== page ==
December 3, 2021 Blog

QEUH Scandal: A timeline summary


In advance of the hospital opening in 2015 an independent risk assessment of water services was carried out. It identified a number of ‘high risk’ issues, including a lack of management structure, breakdowns in communication, and problems with water temperature control. It recommended background dosing of the water and a management system be put in place to manage and control the water system. This report was later leaked to Anas Sarwar. 


NHS staff first raise concerns.

In July of this year Milly Main’s Hickman line was infected following a successful stem cell transplant. She died at the end of August with her death certificate listing four causes of death including “multi system organ failure possibly due to line sepsis due to Stenotrophomonas maltophilia”’.  In early August concerns about Stenotrophomas were raised and apparently escalated to Health Protection Scotland and the Scottish Government. 

An updated legionella risk assessment takes place and identified issues which are ‘high risk’. It also highlighted debris in a water tank that was first spotted in 2015, a filter system bypass which may have introduced bacteria in the system, and dirty water. A number of recommendations were once again made, including changing all shower heads.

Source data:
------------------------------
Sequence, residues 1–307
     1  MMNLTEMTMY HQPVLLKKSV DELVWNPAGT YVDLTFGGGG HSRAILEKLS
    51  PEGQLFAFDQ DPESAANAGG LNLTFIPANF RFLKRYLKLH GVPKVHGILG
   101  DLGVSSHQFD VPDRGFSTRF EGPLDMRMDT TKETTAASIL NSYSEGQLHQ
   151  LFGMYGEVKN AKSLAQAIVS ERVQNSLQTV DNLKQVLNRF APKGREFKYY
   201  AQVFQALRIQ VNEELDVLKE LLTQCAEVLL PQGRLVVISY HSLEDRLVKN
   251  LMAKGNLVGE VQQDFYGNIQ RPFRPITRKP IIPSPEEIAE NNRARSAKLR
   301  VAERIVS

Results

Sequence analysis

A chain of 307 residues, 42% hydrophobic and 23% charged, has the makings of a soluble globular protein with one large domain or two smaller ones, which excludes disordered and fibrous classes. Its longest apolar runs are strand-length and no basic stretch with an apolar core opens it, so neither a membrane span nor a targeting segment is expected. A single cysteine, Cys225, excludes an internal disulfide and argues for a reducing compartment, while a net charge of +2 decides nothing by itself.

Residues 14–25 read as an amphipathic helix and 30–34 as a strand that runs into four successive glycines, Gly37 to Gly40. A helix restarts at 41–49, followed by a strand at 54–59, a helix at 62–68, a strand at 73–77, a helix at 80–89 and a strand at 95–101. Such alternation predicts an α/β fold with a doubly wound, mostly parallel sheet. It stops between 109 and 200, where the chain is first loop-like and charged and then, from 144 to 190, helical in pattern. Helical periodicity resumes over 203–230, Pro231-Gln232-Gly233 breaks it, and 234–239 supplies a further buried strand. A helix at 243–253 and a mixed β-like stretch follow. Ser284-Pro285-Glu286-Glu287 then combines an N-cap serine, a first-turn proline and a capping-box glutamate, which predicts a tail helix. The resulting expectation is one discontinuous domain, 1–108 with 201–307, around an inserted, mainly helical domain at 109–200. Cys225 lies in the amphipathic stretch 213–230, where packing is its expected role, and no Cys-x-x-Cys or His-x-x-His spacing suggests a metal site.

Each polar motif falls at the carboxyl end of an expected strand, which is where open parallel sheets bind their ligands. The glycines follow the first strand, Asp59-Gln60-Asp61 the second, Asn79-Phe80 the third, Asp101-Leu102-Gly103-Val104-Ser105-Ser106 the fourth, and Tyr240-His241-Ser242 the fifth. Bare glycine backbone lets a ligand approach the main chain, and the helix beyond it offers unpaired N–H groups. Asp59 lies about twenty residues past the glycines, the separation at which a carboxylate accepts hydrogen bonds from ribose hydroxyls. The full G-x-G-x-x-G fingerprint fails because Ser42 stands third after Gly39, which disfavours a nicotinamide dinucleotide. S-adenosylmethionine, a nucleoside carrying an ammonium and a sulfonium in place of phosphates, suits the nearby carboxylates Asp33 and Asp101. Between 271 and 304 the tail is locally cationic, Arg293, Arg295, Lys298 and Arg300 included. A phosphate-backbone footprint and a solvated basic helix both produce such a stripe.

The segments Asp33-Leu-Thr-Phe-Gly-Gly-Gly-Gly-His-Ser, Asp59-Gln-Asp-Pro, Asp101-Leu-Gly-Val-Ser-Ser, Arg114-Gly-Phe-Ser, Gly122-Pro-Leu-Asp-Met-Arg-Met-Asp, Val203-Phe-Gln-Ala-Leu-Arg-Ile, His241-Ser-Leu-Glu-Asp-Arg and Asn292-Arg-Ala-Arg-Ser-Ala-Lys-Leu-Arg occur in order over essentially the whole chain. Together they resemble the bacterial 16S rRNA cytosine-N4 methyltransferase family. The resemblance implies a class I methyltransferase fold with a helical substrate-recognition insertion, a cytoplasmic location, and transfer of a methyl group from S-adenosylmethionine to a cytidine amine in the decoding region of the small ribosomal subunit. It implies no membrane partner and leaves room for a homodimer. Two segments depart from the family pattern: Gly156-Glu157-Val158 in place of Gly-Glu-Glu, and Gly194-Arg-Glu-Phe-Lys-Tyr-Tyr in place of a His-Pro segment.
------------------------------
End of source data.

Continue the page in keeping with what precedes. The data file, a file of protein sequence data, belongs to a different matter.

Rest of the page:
An independent ‘gap analysis’ warns that the site is ‘high risk’.

In September, Wards 2A/B are closed and all patients are transferred to Wards 6A and 4B in the QEUH. In November the water supply is shutdown to allow for chlorine dioxide dosing. 


In January it is revealed that two patients – including one a 10-year old in Ward 6A – at the QEUH have died after contracting a fungal infection, Cryptococcus, caused by pigeon droppings. The story is only revealed after the Sun newspaper approaches the health boards seeking comment on a fungal infection at the hospital. It is also later revealed that the infection was first identified in November but the Scottish Government was only told later in December.

Patient satisfaction continues to slide.

The then Health Secretary, Jeane Freeman, announces and independent review into the fabric of the building. This review is carried out and reports in June 2020.

In March, Health Protection Scotland published an inspection report of the QEUH. It found a number of issues with domestic staff vacancies, dysfunctional relationships in leadership groups – namely between facilities and infection control – and in the general maintenance of the estate. 

In July a clinician-led review of infection cases concludes there were 10 cases in 2016 affecting 10 children and 26 cases in 2017 affecting 14 children, which were previously unreported. It finds there were three deaths in 2017 involving patients who contracted an infection, with one death linked directly to the presence of Stenotrophomonas maltophilia in the patient. These findings are passed to health chiefs, but are not made public.

In August Ward 6A is closed to new admissions after three young patients contracted infections. 


The Queen Elizabeth University Hospital’s general state continues to come under scrutiny.